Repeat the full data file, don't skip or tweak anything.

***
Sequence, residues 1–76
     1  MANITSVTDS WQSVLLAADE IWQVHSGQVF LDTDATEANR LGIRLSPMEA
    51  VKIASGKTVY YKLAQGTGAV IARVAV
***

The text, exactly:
Sequence, residues 1–76
     1  MANITSVTDS WQSVLLAADE IWQVHSGQVF LDTDATEANR LGIRLSPMEA
    51  VKIASGKTVY YKLAQGTGAV IARVAV